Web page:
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20 December 2010

Oddy Tests: How to Test for Potential Damage to Decorative Metals

Without adequate airflow, the humidity and concentration of other water soluble chemicals will rise therefore increasing the possibility of corrosion.  In ordinary circumstances this is not an issue, but where priceless artifacts are involved this becomes more pertinent.

Testing can be conducted on water based paints to determine whether they will tarnish precious decorative metals or not, such testing (known as the Oddy Test) is routinely used by many museums.

Oddy tests are used to determine whether paints can be used in storage and display situations in museums. In this test, a painted sample is enclosed with a portion of cleaned metal (normally lead, copper and silver) in an air tight container. Corrosion is accelerated by adding water to create high humidity and by elevating temperatures (60°C). After 28 days, the extent of corrosion on the metal section is used to evaluate the suitability of the material under test for use in the display or storage of artefacts containing that metal.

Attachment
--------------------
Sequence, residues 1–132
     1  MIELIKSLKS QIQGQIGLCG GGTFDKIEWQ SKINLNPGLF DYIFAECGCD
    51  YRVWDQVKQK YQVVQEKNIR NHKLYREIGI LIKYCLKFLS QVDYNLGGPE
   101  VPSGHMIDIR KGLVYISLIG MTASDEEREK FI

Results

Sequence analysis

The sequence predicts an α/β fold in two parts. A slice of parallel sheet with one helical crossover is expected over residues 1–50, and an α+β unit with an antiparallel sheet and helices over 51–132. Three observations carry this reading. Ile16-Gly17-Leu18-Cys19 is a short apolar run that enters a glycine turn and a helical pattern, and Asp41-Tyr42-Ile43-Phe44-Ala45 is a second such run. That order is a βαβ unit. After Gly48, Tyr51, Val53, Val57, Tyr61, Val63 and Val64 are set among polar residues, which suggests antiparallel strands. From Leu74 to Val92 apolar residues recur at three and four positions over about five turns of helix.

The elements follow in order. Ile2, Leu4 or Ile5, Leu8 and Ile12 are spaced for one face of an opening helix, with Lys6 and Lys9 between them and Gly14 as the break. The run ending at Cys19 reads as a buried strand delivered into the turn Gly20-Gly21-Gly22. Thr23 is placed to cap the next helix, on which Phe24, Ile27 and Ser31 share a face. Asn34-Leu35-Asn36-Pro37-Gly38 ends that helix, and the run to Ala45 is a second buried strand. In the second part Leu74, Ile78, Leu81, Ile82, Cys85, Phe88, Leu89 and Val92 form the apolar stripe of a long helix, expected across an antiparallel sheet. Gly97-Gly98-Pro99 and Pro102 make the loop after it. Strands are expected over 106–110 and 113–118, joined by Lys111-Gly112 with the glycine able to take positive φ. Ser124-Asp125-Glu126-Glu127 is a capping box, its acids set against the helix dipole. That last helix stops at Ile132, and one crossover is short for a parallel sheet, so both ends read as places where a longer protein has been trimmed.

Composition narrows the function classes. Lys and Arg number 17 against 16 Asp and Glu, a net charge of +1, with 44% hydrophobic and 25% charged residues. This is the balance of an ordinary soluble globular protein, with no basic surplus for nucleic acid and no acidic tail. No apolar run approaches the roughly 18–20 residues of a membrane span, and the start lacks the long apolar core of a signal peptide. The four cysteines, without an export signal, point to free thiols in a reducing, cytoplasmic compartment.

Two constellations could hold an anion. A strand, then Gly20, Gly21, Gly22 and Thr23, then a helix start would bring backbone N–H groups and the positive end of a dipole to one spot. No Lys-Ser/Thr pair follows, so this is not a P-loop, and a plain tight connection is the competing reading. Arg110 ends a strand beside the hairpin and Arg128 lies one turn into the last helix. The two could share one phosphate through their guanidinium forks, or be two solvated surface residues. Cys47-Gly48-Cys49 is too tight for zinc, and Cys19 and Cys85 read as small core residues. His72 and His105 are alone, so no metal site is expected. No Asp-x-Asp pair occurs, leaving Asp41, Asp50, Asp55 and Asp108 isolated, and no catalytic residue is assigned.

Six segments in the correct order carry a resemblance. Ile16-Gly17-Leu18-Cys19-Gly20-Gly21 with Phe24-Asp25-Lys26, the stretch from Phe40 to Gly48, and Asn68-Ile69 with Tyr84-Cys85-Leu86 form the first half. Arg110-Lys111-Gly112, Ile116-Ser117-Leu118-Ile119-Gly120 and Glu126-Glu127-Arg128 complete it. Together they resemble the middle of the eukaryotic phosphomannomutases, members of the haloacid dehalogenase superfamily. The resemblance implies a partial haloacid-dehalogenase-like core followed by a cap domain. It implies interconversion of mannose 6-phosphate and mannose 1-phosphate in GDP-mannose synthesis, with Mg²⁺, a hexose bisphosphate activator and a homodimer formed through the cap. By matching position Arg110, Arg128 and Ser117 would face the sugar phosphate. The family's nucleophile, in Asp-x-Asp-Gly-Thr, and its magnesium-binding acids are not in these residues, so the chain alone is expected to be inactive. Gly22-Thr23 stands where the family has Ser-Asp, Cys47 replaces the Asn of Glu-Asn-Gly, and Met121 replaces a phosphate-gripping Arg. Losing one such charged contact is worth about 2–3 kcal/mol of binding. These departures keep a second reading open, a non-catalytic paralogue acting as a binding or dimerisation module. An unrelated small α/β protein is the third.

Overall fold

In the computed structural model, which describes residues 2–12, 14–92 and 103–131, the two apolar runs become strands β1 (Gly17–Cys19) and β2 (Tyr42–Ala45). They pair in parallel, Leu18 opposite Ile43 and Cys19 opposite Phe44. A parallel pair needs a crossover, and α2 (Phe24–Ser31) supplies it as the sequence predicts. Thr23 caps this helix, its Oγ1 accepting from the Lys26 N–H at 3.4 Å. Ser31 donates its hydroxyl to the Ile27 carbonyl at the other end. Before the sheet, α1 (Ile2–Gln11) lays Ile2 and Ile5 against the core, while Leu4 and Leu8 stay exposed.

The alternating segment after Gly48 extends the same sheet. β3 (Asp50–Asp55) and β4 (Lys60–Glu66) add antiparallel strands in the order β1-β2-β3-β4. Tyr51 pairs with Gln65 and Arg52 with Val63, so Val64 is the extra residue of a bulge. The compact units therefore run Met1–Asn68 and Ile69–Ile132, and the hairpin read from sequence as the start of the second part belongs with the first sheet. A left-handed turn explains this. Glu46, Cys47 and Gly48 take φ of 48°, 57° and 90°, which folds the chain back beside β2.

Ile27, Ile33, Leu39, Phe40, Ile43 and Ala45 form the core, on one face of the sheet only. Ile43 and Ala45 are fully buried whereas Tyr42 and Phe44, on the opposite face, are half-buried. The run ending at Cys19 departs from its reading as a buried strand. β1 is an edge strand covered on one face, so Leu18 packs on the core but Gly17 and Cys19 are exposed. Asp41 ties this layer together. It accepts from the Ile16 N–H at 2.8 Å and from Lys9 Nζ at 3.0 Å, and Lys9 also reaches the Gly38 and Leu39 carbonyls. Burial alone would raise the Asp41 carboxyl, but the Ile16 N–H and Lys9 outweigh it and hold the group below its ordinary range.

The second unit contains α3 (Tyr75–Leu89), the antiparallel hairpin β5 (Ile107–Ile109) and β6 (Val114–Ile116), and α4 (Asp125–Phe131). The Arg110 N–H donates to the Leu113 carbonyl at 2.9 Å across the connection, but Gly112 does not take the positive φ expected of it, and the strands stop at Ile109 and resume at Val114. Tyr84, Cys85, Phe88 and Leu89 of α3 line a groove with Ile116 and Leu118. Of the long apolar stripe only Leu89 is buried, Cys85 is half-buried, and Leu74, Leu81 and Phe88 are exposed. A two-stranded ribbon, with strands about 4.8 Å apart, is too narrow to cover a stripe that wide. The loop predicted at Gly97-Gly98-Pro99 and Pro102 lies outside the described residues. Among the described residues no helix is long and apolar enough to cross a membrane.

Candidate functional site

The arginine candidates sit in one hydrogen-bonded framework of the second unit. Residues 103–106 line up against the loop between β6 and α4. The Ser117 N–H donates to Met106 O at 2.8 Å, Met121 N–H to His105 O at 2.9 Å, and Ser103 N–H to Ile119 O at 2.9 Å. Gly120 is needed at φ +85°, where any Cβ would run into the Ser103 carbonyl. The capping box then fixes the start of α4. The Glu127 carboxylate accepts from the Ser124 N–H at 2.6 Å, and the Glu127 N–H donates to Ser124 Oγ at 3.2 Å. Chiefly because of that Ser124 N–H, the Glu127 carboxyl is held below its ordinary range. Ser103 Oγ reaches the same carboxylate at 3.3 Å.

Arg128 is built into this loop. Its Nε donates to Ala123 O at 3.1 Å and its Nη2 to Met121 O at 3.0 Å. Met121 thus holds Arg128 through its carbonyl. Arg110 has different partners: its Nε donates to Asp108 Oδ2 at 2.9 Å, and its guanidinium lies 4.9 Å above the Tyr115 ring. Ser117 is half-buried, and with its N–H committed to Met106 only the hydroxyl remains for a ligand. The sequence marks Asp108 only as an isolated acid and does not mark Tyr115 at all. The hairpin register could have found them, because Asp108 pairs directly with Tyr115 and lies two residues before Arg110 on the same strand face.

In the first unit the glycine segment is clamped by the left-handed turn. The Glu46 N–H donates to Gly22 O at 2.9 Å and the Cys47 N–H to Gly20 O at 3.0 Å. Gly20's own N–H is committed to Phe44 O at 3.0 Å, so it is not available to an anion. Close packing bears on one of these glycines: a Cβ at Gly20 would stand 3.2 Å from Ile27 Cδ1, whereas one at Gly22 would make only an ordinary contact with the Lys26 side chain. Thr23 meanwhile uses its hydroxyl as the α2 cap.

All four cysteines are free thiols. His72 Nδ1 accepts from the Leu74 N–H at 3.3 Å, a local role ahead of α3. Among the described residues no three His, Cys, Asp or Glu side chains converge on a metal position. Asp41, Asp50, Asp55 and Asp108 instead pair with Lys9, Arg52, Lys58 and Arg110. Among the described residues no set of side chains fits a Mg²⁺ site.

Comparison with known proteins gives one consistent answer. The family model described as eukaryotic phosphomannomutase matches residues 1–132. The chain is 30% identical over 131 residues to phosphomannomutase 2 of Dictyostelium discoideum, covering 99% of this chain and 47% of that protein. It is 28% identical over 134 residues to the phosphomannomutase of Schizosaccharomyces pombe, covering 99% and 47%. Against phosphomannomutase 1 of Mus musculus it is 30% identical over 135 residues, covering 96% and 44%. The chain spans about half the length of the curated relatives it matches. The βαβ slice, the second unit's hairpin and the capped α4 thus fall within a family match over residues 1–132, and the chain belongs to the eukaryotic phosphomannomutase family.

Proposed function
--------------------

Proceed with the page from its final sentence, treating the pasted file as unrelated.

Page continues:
The Oddy test provides three recommendations from the results of the test:

  • If there is no change compared with an untested metal the coating is considered safe to use.
  • If any metal displays any sign of discolouration the coating is considered to be safe for temporary use within an enclosed environment.
  • Obvious corrosion indicates the paint is unsuitable for use.

Dulux has tested and proven coating systems that meet the requirements for temporary and permanent storage of irreplaceable artifacts.  One such product that meets the requirements for permanent installations is Dulux Wash & Wear in all available sheen levels.

View more information on Dulux, including contact details.
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